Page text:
A recent Trulia survey shows that 20- and 30-somethings crave space to roam at home.
When it comes to millennials, minimalism is in — from “norm core” fashion on the runways (see: fanny packs and “sensible” shoes) to the tiny-house movement, as parodied on a recent episode of Portlandia.
So to find out what’s trending when it comes to square footage, Trulia surveyed more than 2,000 people across multiple cities, lifestyles, and generations — and the results for millennials surprised us.
Despite the fact that 20- and 30-somethings are typed by “simple-ing down” everything from how they dress to how they invest, more than any other generation, the numbers reveal that they’re not ready to ditch all of their creature comforts just yet.
Millennials are generally dreaming of bigger — not smaller — places to live
Yes, this generation has been statistically shown to be more eco-focused (and carbon footprint–conservative) than its predecessors.
But Trulia Housing Economist Ralph McLaughlin may have said it best in a recent article about housing-size preferences: Even environmentally conscious millennials aren’t immune to wanting more elbow room at their tables.
According to McLaughlin, “They’re looking to move on up by a big margin: just over 60% told us their ideal residence is larger than where they live now — the largest proportion among the generations in our [multigenerational survey] sample.”
Given the choice, few millennials would rather downsize
Only a little over 13% of millennials polled said they’d prefer a smaller home to their existing one, no matter the size.
This was also the smallest “downsize me, please!” preference across every generation in Trulia’s survey.
In other words, a typical millennial is even less likely to want to downsize than the empty nesters and baby boomer living down the street from her.
Millennials have their reasons (and they’re not what you may think)
While all generations would generally prefer more space, specific reasons differ across birth decades — and individuals.
Baby boomers said they preferred not to downsize because they were already living in their ideal-sized home.
Gen Xers, who were hit hardest by the foreclosure crisis, mostly want to size up to maximize their steadily climbing paychecks (and down-payment-paying abilities) while also reclaiming the real estate options they missed out on in years past.
Meanwhile, millennials are looking to leave behind everything from the confines of student housing and three-person studio apartments to too-small starter homes.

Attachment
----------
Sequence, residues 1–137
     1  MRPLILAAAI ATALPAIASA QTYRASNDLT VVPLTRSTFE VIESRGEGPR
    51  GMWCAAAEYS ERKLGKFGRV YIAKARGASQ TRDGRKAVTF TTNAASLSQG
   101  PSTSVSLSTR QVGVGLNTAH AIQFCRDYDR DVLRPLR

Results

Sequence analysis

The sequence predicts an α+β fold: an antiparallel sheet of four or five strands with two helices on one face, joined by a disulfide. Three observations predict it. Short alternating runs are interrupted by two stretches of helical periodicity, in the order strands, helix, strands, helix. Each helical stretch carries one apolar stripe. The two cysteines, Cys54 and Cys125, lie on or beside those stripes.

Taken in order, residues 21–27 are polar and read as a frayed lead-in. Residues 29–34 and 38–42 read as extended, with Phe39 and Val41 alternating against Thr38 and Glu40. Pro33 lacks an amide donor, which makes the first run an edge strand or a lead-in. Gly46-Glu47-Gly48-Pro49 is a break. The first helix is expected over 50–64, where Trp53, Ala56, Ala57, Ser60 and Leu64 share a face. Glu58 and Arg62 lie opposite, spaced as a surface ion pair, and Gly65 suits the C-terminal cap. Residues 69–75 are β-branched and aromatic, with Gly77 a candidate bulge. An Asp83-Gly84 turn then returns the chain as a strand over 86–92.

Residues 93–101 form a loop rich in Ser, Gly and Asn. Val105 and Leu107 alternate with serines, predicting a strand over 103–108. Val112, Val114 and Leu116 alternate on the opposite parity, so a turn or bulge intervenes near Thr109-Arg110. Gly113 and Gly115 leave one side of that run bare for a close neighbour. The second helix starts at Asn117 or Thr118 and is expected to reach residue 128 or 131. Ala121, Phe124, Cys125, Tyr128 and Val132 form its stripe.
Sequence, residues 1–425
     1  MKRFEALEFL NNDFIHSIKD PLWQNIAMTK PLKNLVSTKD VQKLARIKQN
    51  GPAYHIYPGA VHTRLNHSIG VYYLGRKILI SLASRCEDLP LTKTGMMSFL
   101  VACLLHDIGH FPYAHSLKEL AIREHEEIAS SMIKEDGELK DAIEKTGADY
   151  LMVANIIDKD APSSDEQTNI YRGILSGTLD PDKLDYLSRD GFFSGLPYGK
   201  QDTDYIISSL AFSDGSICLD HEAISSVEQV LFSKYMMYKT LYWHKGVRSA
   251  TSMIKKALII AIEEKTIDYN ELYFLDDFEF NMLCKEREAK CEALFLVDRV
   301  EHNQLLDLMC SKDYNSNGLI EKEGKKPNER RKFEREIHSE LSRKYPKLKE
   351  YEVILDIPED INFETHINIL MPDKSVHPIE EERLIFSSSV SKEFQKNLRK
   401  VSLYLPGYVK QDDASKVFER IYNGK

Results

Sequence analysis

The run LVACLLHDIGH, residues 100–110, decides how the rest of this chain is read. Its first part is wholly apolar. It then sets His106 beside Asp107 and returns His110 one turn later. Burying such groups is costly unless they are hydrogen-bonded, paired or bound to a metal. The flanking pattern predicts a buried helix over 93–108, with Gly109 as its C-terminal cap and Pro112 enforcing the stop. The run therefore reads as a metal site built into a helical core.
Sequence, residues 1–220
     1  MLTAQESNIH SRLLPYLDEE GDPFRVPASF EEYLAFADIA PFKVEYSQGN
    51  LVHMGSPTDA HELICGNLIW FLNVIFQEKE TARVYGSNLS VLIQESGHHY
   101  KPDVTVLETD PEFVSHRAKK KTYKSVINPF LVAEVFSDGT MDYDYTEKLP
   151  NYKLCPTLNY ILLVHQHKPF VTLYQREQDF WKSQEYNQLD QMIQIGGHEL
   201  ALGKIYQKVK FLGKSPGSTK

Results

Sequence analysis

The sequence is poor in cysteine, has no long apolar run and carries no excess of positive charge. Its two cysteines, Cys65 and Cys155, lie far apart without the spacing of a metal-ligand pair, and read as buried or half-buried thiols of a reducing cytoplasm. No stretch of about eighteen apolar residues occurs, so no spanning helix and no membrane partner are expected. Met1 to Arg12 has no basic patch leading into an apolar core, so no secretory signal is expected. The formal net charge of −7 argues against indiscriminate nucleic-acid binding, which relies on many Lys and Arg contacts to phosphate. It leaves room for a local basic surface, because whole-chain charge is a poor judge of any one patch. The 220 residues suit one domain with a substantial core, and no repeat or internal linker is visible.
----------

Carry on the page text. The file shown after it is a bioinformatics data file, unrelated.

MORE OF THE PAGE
Family situations matter
Kay Clark, an associate broker in Atlanta, GA, has been selling to young homeowners — including her own 31-year-old daughter and many of her friends — for the past 33 years.
She points out that while the “more space” trend is generally true for all clients, specific reasons are unique to each one.
So much depends on the family situation, according to Clark, bearing in mind that “family situation” can mean everything from an existing one (for couples and parents) to one that’s not even yet in the works (for couples and singles of both genders).
“I think the trend for bigger houses with a lot of wasted space is not as important as it was before the market crash,” says Clark. “The crash allowed people to re-evaluate their situation, and [they] decided bigger is not always better.”
Millennials want more size, but not too much
Turns out, there’s a tipping point behind who wants more and less space, and why.
It goes a little something like this: People start to consider downsizing at around 3,200 current square feet of home space.
In other words, most people, including millennials, start to re-evaluate the pros and cons of more space once they’ve had a taste of it in real life.
Jennifer Warner, an HR analyst living in Buffalo, NY, is one such early 30-something.
She and her husband are expecting their first child this spring and are knee-deep in nesting their current 4,200-square-foot home … while casually keeping an eye on the market for their growing family’s next move in the area.
“When you’re preparing for a child, just about any space can start feeling small,” says Warner. “Still, there is a point at which you see a great place — then start to consider all the work that will go into it — and you realize that, yep, there is such a thing as too much house.”